Recreational diving or sport diving is a type of diving that uses SCUBA equipment for the purpose of leisure and enjoyment. In some diving circles, the term “recreational diving” is used in contradistinction to “technical diving”, a more demanding aspect of the sport which requires greater levels of training, experience and equipment.

Recreational scuba diving grew out of related activities such as snorkelling and underwater hunting.[2] For a long time, recreational underwater excursions were limited by the amount of breath that could be held. However, the invention of the aqualung in 1943 by Jacques-Yves Cousteau and the wetsuit in 1953 by Georges Beuchat and its development over subsequent years led to a revolution in recreational diving.[2] However, for much of the 1950s and early 1960s, recreational scuba diving was a sport limited to those who were able to afford or make their own kit, and prepared to undergo intensive training to use it.

As the sport became more popular, manufacturers became aware of the potential market, and equipment began to appear that was easy to use, affordable and reliable. Continued advances in SCUBA technology, such as buoyancy compensators, modern diving regulators, wet or dry suits, and dive computers, increased the safety, comfort and convenience of the gear encouraging more people to train and use it.

Until the early 1950s, navies and other organizations performing professional diving were the only providers of diver training, but only for their own personnel and only using their own types of equipment. The first scuba diving school was created in France to train the owners of the Jacques Yves Cousteau and Emile Gagnan designed double hose scuba. The first school to teach the modern single hose scuba was started in 1953, in Melbourne, Australia, at the Melbourne City Baths. RAN Commander Batterham organized the school to assist the inventor of the single hose regulator, Ted Eldred. However, neither of these schools were international in nature.

There were no training courses, in the modern sense, available to civilians who bought the first scuba equipment. Some of the first training started in 1953 Trevor Hampton created the first British diving school, the British Underwater Centre and 1954 when Los Angeles County[3] created an Underwater Instructor Certification Course. Early instruction increased in the form of amateur teaching within a club environment, as exemplified by organizations such as the Scottish Sub-Aqua Club and the British Sub Aqua Club from 1953, Los Angeles County from 1954 and the YMCA from 1959.[4]

Professional instruction started in 1959 when the non-profit NAUI was formed [5], which later effectively was split[6], to form the for-profit PADI in 1966.[7] NASDS the National Association of Scuba Diving Schools started with their Dive Center based Training programs in 1962 followed by SSI in 1970[8]. PDIC professional diving instructors college was formed in 1965, later changing its name to PDIC professional diving instructors Corporation in 1984, providing training in a retail environment.[9]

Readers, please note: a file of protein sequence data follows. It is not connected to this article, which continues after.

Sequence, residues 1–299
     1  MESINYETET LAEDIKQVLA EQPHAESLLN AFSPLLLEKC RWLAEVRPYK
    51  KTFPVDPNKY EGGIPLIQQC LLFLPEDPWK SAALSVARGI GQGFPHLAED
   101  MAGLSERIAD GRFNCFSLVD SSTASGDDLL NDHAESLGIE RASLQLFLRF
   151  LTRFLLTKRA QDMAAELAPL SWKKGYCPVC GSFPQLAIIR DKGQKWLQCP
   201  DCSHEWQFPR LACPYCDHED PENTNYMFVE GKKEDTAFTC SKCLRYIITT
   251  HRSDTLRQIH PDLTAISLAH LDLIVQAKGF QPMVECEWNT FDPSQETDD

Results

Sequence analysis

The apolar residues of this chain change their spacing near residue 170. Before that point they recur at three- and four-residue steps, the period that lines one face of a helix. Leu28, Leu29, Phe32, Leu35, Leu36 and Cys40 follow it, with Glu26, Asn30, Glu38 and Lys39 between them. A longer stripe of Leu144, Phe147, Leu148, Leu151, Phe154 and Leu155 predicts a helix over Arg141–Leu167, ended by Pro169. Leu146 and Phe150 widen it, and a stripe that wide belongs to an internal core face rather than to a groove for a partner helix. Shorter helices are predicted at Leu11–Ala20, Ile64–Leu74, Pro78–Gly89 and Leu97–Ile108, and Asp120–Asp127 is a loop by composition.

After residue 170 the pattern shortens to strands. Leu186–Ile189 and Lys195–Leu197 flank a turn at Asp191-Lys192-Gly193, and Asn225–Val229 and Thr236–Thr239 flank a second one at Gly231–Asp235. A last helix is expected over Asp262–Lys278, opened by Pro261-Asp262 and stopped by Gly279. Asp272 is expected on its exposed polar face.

Diving today

Further developments in technology have reduced the cost of training and diving. Scuba-diving has become a popular leisure activity, and many diving locations have some form of dive shop presence that can offer air fills, equipment, and training.

In tropical and sub-tropical parts of the world, there is a large market in ‘holiday divers’; people who train and dive while on holiday, but rarely dive close to home.

Technical diving and use of rebreathers are increasing, particularly in areas of the world where deeper wreck diving is the main underwater attraction. Generally, recreational diving depths are limited to a maximum of between 30 and 40 meters (100 and 130 feet), beyond which a variety of safety issues make it unsafe to dive using recreation diving equipment and practices, and specialized training and equipment for technical diving are needed.

Standard equipment

Main article: Diving equipment
  • Diving mask or full face diving mask and snorkel
  • Swimfins or scuba fins
  • Dry suit, wetsuit or regular swimsuit, depending on the water temperature
  • Buoyancy compensator or buoyancy control device (BCD)
  • Diving weighting system or weight belt
  • Diving cylinder or scuba tank
  • Diving regulator
  • Contents gauge or submersible pressure gauge (SPG)
  • Dive computer or depth gauge and timer
  • Surface marker buoy or other surface detection aid

There are several recreational diving issues that are currently topics of discussion within the diving community. They include:

Training levels

There is a certain amount of disquiet over the level of training and experience necessary to qualify as a diver. Under most entry-level programs (SDI, PADI, BSAC, SSAC, NAUI, SSI, and PDIC) divers can complete a certification with as few as four ‘open-water’ dives. Such a qualification allows a diver to rent equipment, request air fills, and dive without any higher supervision, provided they do so with a buddy. Critics claim that four dives is too few to prepare new divers for such a level of responsibility, and that either the total should be raised or the certification qualified. Certification agencies normally answer that they advise their students to dive within the envelope of their experience and training, and to seek to extend both through properly supervised (and frequently revenue-producing) programs, but in the 1980s, several of the Agencies with DEMA did collaborate to author ANSI Standard Z86.3 (1989), Minimum Course Content For Safe Scuba Diving which now serves to limit their potential liability from lawsuits on training adequacy issues by defining their training as the definition of Accepted Industry Practices.